November 29, 2016

Cyber security is becoming a mounting concern for businesses in Ontario and across Canada. Both large and small organizations are being targeted by hackers, and there is an increasing awareness that cyberattacks have become a risk for everyone — not just companies with large amounts of electronic data.

On October 21, the scale of this threat was put into stark relief with the massive Denial of Service (DoS) attacks on Dyn, a DNS provider based in the Eastern United States. The attacks affected a number of major Internet platforms (serviced by Dyn), including Twitter, Netflix, Reddit and a host of others.

What made this cyberattack unique was its source. DoS attacks typically come from networks of computers infected with malware (called ‘botnets’) and controlled remotely by hackers. In this case, the botnet that attacked Dyn included mostly Internet-connected devices, such as printers, cameras, smart TVs, and even baby monitors! The attack raised major concerns around the security of Internet-connected devices — often referred to as the ‘Internet of Things’.

Whether a cyberattack comes from computers or from the Internet of Things, there are certain strategies that will help protect you from these threats — no matter the circumstances. In this blog, the team at the Ostic Group Insurance will discuss a few top cyber security tips, which you can easily implement for your business.

Educate Your Employees

The main threats to your cyber security are your own employees and other users! Now, we’re not implying that your employees are thieves — just the opposite! All it takes is one forgetful person, leaving their password in the wrong place (or making their password “123456”), and your system can be compromised.

If you want to minimize this risk, it’s important to educate your employees about best practices for cyber security. Go over the topics in this blog with them. Teach them how to use the company’s network safely, especially when on non-work computers.

Make sure they use strong passwords with both upper and lower case letters, numbers and symbols — and change them every 60 to 90 days. Passwords can be cracked by hackers in a number of ways, but strong passwords will significantly decrease the likelihood of a security breach.

Protect Sensitive Data

You should add extra layers of security to protect your most valuable data. Purchase encryption software for record-keeping purposes, so you can protect sensitive information such as employment records, confidential client information, and bookkeeping.

If you have an internal program, we recommend adding a two-step authentication system. A two-step authentication will require a second confirmation after your password is entered. For example, it may send a text message to your phone with a numerical code or ask you to answer a personal security question.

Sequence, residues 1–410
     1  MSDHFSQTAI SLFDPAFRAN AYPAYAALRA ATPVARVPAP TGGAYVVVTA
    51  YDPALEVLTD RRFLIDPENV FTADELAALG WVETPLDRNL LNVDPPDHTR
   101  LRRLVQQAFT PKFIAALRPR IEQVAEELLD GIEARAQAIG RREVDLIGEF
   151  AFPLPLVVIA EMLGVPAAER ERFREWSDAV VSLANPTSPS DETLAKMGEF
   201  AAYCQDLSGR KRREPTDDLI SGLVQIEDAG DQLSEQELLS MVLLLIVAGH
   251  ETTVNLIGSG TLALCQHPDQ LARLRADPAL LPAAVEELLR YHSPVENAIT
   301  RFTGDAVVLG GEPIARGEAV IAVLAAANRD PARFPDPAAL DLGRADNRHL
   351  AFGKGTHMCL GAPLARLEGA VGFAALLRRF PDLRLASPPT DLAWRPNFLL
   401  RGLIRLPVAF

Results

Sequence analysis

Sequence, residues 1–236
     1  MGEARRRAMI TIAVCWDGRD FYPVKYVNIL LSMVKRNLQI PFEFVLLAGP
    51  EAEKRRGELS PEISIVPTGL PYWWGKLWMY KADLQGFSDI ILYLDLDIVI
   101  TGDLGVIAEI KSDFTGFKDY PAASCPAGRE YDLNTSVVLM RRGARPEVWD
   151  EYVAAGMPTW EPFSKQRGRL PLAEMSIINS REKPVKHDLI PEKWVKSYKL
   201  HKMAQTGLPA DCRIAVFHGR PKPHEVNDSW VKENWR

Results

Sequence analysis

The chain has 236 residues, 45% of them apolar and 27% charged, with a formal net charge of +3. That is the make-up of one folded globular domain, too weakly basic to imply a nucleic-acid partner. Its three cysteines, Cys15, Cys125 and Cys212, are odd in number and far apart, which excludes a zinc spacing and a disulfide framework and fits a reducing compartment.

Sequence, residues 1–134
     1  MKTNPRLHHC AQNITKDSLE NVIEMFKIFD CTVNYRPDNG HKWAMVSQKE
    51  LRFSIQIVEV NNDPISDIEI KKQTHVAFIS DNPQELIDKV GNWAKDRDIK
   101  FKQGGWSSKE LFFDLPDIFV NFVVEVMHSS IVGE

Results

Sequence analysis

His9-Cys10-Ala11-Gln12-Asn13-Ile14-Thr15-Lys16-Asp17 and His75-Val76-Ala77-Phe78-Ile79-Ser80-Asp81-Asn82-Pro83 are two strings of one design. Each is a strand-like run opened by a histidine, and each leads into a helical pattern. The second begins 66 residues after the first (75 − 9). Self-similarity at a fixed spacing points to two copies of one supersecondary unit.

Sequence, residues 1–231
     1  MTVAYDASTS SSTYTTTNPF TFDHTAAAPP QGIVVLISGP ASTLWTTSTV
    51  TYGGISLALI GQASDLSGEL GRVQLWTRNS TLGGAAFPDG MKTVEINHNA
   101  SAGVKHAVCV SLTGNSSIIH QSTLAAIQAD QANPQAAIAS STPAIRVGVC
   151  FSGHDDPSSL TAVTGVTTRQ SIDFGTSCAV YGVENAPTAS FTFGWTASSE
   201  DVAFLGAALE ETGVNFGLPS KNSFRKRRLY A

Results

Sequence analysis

Finally, implement formal policies around cyber security. Cover situations such as the use of company programs on non-work computers (make sure you log out). Your policies should also detail how often passwords must be changed, how they may be stored, and so on.

Backup Your Data Regularly

Maybe the most important tip for a small to medium-sized business! Although your records may not contain anything that will affect your business in serious ways, the loss of data can seriously impact your ability to function. In many ways, data backup is your true insurance policy!

Regular data backups will ensure you can recover important information, even if everything is lost during a breach. You won’t leave yourself open to blackmail from hackers who lock down your computers, and it protects you from simple human error at the same time.

Get Cyber, Privacy and Media Insurance

Although a data backup may cover you against the intellectual loss of a cyber attack, it will not protect you from a financial loss. That’s why it’s important to get a Cyber, Privacy and Media Insurance policy. Policies of this type are able to cover the following:

  • Any kind of data loss (electronic, personal and other)
  • Electronic privacy breaches — as well as the physical theft of electronic devices or confidential documents.
  • Theft of data stored in your own computer systems, third-party hosting, or even in the cloud.
  • All cyber crimes, including phishing scams, telephone hacks, identity theft, wire fraud and cyber extortion.
  • Marketing done through social media, blogs, emails, blog comments and so on — even if done by employees without employer’s knowledge or signoff!

To get a quote for cyber insurance, contact the Ostic Group in Ontario today!

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